Please welcome the second in our series of first-time Inspire bloggers, who also happens to be Inspire’s Events Director, Terrie Hellard-Brown.
We all know the importance of using the right ingredients in a recipe so that it will turn out right. Forget one, and everyone knows it. Add the wrong ones, and, well, that’s where we get dishes like “Tuna Surprise.” A writing career also needs the right ingredients to be successful. Often, we think of those as being creativity, ingenuity, and language mastery. However, three additional, important ones a writer should possess are lifelong learning, teachability, and humility.
Albert Einstein said, “The more I learn, the more I realize how much I don’t know.” That is especially true for us as we begin the journey of a writing career. The landscape of the publishing world has changed greatly in recent years. To succeed we must learn, adapt, and grow so we can navigate this landscape. Jim Kwik, expert on speed-reading and memory, says that life-long learning keeps our brains healthy and functioning better, and, for a writer, that is essential.
Being a life-long learner requires that we are teachable. Humility and teachability go together. It really is impossible to be teachable without being humble. The Bible teaches us in Proverbs 11:2, AMP:
When pride comes [boiling up with an arrogant attitude of self-importance], then come dishonor and shame, But with the humble [the teachable who have been chiseled by trial and who have learned to walk humbly with God] there is wisdom and soundness of mind.
What a huge promise from Scripture! We grow in wisdom when we remain humble and teachable.
So, if humility and teachability are our essential ingredients, defensiveness is our “salt in the sugar canister.” We really must strive to be teachable in all areas of our lives. Where is your blind spot? Where are you weakest when trying to receive help or criticism? We must be teachable in our:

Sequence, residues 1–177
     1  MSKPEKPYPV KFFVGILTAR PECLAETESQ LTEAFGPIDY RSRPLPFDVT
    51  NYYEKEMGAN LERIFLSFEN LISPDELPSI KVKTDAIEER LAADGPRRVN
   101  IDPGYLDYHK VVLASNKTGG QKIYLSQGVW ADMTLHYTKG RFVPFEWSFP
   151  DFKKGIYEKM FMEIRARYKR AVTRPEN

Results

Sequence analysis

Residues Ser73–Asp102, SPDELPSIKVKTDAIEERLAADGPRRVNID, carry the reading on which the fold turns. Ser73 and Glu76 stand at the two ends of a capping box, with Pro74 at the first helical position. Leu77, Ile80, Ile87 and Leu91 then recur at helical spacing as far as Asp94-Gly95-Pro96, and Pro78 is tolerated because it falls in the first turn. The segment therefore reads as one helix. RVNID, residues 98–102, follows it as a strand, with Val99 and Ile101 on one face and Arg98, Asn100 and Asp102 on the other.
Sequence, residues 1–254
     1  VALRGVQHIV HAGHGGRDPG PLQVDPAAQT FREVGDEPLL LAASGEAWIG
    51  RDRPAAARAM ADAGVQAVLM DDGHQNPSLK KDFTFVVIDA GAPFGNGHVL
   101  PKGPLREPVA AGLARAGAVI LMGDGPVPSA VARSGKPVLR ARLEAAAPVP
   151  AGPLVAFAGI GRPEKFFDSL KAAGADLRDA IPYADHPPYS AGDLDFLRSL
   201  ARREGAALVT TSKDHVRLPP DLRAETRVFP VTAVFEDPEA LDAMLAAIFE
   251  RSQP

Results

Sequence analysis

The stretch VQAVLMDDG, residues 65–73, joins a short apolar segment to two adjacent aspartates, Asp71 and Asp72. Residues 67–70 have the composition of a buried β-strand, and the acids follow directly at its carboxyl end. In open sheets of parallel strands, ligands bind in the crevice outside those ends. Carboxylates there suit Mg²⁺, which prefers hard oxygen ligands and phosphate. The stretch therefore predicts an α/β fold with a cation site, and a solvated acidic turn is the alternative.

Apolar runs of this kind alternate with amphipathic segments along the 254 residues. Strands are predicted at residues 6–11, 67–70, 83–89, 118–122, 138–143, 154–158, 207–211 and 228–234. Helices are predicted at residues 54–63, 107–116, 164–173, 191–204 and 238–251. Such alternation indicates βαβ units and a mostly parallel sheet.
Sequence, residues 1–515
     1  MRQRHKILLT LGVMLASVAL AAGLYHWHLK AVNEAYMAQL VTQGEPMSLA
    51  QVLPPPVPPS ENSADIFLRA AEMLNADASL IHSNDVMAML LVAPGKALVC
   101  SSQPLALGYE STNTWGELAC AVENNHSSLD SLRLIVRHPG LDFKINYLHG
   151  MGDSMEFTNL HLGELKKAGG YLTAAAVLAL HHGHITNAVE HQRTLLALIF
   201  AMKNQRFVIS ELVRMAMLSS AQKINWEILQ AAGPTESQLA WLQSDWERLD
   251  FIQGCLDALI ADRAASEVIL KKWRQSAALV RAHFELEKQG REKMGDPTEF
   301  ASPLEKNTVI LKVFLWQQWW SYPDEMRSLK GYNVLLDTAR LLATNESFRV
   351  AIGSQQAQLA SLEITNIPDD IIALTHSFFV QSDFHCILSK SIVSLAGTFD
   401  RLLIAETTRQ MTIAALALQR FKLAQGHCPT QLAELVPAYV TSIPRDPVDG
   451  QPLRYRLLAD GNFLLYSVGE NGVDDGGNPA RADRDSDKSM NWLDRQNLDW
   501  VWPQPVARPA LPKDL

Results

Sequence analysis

1. Spiritual Walk with God
Christianity is a relationship that is always growing when we are humble and teachable. Walking in right relationship with Christ requires that we are teachable. Being called by God to be writers, we cannot know exactly what that means, or how our writing careers will unfold, unless we are humble and teachable in our walk with God. Our understanding of His plan is always being clarified and revealed. When I was a teenager, my pastor’s wife was talking about the will of God. She said that when God gives us a calling, we hold onto it, but we hold onto it loosely. It is His vision and plan, and He will change it and mold it into exactly what He wants. I’ve always remembered that, especially when it comes to my desire and calling to be a writer. God may have called us to write, but He may not have called us to be published in a traditional way. He may have called us to minister through our writing in ways we’ve not even thought of before. So, being open, teachable, and obedient is our real job as Christian writers.
2. Critique Groups
We often feel like our writing is “our baby,” and we want to protect it. Not to be indelicate, but if we aren’t sharing our writing at least in a critique group, we aren’t writers, we’re journalers. And, truly, that’s fine if that is what God wants us to be. Journaling is therapeutic and often inspiring and clarifying for us, but one of the first steps of being a writer is getting our writing in front of other people. One of the best ways to start is with a critique group. It’s a safer place for debuting our writing, because